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McGregor, D. M. 1957. The human side of enterprise. Management Review (November): 22-28. Reprinted from the Proceedings of the Fifth Anniversary Convocation of the School of Industrial Management, MIT, April 9, 1957.

Summary by James R. Martin, Ph.D., CMA
Professor Emeritus, University of South Florida

Behavioral Issues Main Page | Framework for Management Accounting

The purpose of this paper is to describe two conflicting management theories related to human behavior. McGregor refers to these as theory X and Theory Y. The exhibit below provides a comparison of the two concepts.

McGregor's Theory X and Theory Y
Management Objectives,
Attitudes and Assumptions
Theory X Theory Y
Overall objective of management Organizing resources to produce economic results Organizing resources to produce economic results
Management attitude towards employees Must direct their efforts, motivate, control and modify their behavior. Without active intervention, employees will be indifferent towards the goals of the organization. Thus, they must be rewarded and punished, i.e., treated as children. Emphasize external control. Provide conditions and methods for people to achieve their own goals directed towards organization objectives. Employees are not by nature indifferent to the organization's needs. They become indifferent as a result of experience. Treat them as mature adults. Emphasize internal self control.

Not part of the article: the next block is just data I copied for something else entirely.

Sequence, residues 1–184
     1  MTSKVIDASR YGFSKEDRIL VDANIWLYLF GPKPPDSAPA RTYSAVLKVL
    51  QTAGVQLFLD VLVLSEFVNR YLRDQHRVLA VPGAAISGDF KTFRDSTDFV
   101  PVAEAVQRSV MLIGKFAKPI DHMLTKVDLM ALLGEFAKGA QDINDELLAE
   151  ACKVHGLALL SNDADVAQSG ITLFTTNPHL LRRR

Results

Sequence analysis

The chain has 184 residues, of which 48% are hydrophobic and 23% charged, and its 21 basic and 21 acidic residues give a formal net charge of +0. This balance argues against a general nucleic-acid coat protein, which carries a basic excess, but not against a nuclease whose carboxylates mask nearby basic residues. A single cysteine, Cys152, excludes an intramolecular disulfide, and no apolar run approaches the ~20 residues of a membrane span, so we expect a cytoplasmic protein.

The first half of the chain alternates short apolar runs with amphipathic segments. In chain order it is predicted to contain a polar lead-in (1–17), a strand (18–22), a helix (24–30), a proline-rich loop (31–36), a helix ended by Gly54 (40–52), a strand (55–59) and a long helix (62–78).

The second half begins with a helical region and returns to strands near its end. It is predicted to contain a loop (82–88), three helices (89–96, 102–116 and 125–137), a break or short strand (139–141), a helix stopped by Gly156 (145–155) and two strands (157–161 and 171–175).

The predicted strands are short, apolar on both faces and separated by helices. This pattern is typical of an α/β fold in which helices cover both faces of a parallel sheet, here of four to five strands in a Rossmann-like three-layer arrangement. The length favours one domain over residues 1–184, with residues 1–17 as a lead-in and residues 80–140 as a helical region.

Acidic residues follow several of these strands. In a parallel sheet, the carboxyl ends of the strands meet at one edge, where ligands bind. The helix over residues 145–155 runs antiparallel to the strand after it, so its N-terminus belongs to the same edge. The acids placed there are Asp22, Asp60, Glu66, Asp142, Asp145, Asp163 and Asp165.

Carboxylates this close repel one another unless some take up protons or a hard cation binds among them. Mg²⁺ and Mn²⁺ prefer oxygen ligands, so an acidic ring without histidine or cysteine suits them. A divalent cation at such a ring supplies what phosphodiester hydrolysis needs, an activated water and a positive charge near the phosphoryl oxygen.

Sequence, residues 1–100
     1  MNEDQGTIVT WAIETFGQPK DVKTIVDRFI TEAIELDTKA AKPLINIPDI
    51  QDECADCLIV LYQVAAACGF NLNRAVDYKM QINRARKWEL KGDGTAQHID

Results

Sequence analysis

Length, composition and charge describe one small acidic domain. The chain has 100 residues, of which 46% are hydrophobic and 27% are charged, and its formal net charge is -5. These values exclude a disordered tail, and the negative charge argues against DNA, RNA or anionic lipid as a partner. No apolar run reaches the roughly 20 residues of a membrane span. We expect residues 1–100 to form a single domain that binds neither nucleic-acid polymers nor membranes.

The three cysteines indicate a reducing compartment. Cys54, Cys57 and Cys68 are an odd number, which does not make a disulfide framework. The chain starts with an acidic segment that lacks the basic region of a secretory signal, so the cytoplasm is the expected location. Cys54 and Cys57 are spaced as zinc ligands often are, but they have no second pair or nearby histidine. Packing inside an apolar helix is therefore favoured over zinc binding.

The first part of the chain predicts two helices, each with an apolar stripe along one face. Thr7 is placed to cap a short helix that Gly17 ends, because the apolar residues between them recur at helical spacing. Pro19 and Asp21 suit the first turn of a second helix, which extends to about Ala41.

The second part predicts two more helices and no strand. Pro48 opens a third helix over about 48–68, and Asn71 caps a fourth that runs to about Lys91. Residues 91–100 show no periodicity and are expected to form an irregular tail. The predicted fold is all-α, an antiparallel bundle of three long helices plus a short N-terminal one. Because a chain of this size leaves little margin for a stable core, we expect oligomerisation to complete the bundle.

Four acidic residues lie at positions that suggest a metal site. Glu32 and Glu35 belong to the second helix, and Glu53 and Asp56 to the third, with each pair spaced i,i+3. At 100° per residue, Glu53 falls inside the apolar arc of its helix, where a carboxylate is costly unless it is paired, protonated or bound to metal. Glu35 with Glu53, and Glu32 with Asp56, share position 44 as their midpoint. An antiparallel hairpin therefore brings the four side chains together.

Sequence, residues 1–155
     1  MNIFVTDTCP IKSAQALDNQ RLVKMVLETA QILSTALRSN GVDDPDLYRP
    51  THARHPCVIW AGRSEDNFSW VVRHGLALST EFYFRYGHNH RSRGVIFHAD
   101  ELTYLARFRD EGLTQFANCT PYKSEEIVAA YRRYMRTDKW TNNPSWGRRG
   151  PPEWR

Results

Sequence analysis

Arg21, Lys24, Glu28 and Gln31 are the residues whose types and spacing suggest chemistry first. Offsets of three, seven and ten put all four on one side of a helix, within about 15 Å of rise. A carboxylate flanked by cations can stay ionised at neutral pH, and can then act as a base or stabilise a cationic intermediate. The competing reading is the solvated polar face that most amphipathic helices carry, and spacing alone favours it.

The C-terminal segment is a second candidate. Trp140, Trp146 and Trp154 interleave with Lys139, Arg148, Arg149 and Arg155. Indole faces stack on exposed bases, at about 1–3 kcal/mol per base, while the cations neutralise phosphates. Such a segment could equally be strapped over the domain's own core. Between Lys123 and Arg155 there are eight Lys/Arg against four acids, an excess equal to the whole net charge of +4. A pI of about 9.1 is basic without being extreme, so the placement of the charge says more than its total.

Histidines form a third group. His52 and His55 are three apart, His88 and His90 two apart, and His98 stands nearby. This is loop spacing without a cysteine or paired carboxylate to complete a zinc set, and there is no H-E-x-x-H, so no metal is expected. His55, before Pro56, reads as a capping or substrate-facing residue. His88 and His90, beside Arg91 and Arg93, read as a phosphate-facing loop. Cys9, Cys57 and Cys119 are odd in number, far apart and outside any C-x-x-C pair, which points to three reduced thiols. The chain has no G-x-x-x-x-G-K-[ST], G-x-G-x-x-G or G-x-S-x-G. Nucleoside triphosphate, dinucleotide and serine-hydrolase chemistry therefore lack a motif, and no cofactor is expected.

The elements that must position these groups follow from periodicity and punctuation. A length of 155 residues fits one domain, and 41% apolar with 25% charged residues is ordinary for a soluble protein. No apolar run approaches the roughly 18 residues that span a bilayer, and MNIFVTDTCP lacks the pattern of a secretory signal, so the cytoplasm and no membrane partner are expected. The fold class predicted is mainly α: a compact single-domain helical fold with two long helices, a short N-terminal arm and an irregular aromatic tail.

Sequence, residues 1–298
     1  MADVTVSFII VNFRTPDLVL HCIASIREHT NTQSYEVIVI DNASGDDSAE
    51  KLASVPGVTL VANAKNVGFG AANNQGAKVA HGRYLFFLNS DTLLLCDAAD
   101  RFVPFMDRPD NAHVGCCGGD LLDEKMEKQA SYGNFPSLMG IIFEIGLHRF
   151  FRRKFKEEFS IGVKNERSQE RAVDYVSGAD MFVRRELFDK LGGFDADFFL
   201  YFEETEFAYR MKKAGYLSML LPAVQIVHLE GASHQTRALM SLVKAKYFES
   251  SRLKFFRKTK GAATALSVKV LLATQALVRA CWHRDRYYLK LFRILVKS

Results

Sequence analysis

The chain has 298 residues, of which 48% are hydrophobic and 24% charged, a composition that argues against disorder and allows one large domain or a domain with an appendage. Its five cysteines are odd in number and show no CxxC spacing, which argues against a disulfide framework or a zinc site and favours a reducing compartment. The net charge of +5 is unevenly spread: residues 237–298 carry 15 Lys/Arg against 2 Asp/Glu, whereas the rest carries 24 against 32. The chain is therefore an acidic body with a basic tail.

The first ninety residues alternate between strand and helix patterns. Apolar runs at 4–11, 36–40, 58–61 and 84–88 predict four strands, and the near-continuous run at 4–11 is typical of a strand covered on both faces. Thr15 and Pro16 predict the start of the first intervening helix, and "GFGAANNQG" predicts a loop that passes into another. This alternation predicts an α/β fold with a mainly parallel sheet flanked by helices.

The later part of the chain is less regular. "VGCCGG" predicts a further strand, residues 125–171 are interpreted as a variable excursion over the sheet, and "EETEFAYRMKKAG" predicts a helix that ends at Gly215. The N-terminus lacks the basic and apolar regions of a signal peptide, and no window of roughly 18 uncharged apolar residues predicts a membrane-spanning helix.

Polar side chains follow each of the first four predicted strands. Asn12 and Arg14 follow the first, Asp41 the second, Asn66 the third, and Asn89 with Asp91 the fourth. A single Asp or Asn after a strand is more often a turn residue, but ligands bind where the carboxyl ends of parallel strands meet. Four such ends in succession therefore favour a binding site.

Managements assumptions about employee characteristics and behavior Employees are lazy, lack ambition, dislike responsibility and prefer to be led. They are self centered, indifferent to the needs of others, resistant to change, gullible and not very bright. Employees have needs based on Maslow's hierarchy: Physiological - rest, exercise and shelter. Safety - protection from the elements. Social - friendship, belonging and love. Ego - self esteem, status and recognition. Self fulfillment - realizing potential. Behavioral problems are caused by need deprivation.*
Management attitude towards groups Groups are a threat to management and should be discouraged. Groupiness can be beneficial to the organization.

* Employee indifference to the needs of the organization, hostility and refusal to accept responsibility are not indications of inherent human nature, but symptoms of illness caused by the deprivation of social and egoistic needs. A satisfied need is not a motivator. In other words, once a person fills a need, it cannot be used to motivate that individual. However, a person deprived of some needs may attempt to substitute more of one for the lack of another. For example, although money cannot satisfy many higher level needs, in many organizations, demanding more money may be the only available means of attempting to do so.


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